The problem of desiccation is also involved in the breeding habits of amphibians because they have not made the changes required of true land animals. In the case of reptiles, birds, and mammals, the embryo very early becomes enclosed in an amnion (Fig. 34), a liquid-filled sac produced by the embryo itself. As this amnion persists until hatching or birth, the embryo is protected in liquid throughout its development. No amnion is produced by embryos of lower vertebrates including the Amphibia. The latter must, therefore, go back to the water to breed in most cases. A few avoid this requirement by various means (Fig. 28). Some tree frogs lay their eggs in rain-filled holes in trees or pouches formed by folding leaves. Others carry their eggs about in various ways in pouches or pits on the body. A few lay their eggs in very moist places, beneath logs or stones.
Furthermore, the metamorphosis of such an amphibian as a frog or a toad, necessitated by its emergence from water to land, works profound changes both in its structure and in its feeding habits. During its lifetime the toad changes its diet six times. While in the egg it absorbs the yolk stored within; then, upon hatching, it develops a temporary mouth and eats its way out through the jelly of the egg envelopes; next it becomes a free tadpole, swimming about by means of a fishlike tail, and feeding mainly upon vegetation found in the water. With the growing pains of its coming transformation it loses its temporary mouth and along with it the appetite for vegetable food. Tiny legs and arms now sprout out through slits in the skin, and instead of swimming about much the little toad sits quietly in its shirtsleeves and devotes itself introspectively to the task of making its tail substance over into more useful parts of the body. By this time cold weather is approaching and it goes into a long winter retirement during which its only food is a pair of fat bodies, peculiar nutritive storage organs attached near the gonads in the body cavity and provided to meet the intervening demands of hibernation. With the warmth of returning spring the young toad, meanwhile equipped with a new mouth and a marvelous lassoing tongue, emerges into a life of carnivorous activity upon land, catching slugs and insects for a living.
It is not very difficult to recognize amphibians, although by the uncritical they are sometimes confused with reptiles. It was Brogniart who in 1804 separated the Amphibia from the Reptilia as independent classes, because the former have fingers and toes without claws; a scaleless skin; two occipital condyles on which the skull articulates with the first vertebra; hind legs attached to the vertebral column by a single sacral vertebra; and young which breathe by means of gills. Reptiles, on the contrary, have claws; scaly skin; a single occipital condyle; two sacral vertebrae; and young which never resort to gill-breathing. In common with the reptiles, amphibians exhibit certain features not found in fishes, including: (1) modification of paired appendages into legs; (2) modification of swim-bladder region into lungs; (3) two completely separate auricles in the heart; (4) development of a middle ear cavity with a bone to transmit vibrations from external tympanic membranes to internal ear.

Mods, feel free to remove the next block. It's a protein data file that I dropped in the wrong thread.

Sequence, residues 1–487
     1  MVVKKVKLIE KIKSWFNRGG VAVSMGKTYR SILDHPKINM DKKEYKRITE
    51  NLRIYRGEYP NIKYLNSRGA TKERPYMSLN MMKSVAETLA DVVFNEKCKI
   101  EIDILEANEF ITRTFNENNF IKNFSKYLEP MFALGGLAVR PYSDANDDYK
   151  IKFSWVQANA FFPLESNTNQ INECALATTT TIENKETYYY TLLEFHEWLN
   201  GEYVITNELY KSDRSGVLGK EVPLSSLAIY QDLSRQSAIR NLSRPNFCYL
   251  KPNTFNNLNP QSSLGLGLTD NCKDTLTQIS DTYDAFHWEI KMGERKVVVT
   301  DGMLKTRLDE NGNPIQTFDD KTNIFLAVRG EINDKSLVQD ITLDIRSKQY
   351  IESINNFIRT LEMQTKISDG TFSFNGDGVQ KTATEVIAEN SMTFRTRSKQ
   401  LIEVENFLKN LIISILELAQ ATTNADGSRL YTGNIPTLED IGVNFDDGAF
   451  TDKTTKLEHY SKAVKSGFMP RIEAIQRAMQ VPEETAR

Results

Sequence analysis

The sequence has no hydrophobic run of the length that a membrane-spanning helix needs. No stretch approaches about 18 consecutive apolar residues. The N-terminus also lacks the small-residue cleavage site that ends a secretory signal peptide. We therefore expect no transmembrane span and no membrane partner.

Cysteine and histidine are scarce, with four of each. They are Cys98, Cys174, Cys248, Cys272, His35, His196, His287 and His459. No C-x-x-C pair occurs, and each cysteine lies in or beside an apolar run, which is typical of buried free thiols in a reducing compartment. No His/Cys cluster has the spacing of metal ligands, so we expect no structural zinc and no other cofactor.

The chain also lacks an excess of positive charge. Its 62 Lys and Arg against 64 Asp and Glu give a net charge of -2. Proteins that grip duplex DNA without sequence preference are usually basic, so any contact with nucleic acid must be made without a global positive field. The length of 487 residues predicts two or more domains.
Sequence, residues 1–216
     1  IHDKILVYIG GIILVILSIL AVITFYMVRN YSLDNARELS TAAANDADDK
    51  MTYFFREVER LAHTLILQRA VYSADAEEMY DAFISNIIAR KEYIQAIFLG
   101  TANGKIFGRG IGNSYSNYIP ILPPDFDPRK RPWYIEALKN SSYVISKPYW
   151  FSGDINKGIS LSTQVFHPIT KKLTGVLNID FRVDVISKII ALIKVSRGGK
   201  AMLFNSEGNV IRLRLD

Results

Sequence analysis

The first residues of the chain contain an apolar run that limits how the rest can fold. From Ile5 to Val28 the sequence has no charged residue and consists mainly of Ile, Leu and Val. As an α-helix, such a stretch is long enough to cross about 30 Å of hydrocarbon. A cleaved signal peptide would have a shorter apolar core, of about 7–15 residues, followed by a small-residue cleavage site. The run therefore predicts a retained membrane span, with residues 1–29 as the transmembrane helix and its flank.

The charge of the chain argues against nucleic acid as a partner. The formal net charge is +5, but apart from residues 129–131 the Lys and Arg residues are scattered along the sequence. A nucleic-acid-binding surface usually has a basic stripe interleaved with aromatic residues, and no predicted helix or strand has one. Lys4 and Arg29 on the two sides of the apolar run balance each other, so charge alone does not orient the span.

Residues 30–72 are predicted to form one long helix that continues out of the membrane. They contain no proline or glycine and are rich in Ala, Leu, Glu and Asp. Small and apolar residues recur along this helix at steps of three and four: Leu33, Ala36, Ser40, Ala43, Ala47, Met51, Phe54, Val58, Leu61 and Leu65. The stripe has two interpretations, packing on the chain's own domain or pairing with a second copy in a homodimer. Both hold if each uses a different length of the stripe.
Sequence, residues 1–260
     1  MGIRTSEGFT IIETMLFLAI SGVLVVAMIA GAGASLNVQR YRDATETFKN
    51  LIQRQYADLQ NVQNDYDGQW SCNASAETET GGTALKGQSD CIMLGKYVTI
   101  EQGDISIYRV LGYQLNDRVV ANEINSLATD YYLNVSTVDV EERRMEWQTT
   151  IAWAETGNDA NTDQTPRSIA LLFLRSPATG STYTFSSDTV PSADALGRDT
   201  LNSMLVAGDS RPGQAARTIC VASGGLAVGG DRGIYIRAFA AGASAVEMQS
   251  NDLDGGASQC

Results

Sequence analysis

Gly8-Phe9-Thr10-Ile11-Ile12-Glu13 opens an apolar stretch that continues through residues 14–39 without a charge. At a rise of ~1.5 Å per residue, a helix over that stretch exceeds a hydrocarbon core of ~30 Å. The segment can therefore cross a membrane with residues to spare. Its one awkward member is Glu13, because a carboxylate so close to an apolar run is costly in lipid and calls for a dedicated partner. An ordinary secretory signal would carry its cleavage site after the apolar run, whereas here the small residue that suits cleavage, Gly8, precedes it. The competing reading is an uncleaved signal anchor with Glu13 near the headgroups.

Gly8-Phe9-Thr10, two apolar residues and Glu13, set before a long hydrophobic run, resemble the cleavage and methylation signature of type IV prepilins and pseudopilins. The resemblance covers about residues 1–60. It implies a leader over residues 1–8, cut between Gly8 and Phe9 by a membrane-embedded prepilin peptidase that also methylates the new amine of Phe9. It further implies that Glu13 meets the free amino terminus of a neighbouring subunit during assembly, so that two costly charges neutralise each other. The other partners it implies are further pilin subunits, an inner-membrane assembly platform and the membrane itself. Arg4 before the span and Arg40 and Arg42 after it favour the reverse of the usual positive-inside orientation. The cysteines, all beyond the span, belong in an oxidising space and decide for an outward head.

Living amphibians of approximately 2000 species may be disposed of in three orders: Gymnophiona, Urodela, and Anura. To these should be added the extinct Stegocephali, or “Labyrinthodonts,” including some 200 species so far discovered.
The stegocephalians, whose ancestry has been traced by some biologists back to the lobe-finned crossopterygians, bear a resemblance to living amphibians, although they disappeared from the earth before any known representatives of modem amphibians made their appearance. This fact, as pointed out by Jaekel, is embarrassing when one seeks to establish them as the undoubted ancestors of the amphibians of today. The gap separating these similar groups of animals may sometime be filled by the discovery of intermediate fossil forms.
The stegocephals flourished in the swampy Carboniferous Period, along with giant rushes, mosses, and tree ferns, before there were any birds, insects, or flowers, and when the warm steamy sluggish atmosphere was probably heavily charged with an abundance of carbon dioxide. They have the distinction of being the earliest four-footed air-breathers on the earth, large awkward creatures with an armor of scales on the head (Fig. 29), and with a brain so small that it could have been easily pulled out through the foramen magnum at the back of the skull. The reason for the name “stegocephali” (stegos, roof; cephalon, head) is that the size of the skull by no means indicates the cranial capacity of these stupid beasts, there being a large attic-like space roofed in above the brain-case itself.